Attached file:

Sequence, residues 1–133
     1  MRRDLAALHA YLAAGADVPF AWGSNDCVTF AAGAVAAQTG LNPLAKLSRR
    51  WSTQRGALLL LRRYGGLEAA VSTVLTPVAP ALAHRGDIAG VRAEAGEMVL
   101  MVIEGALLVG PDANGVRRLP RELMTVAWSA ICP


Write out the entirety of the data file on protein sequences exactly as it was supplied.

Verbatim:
Sequence, residues 1–133
     1  MRRDLAALHA YLAAGADVPF AWGSNDCVTF AAGAVAAQTG LNPLAKLSRR
    51  WSTQRGALLL LRRYGGLEAA VSTVLTPVAP ALAHRGDIAG VRAEAGEMVL
   101  MVIEGALLVG PDANGVRRLP RELMTVAWSA ICP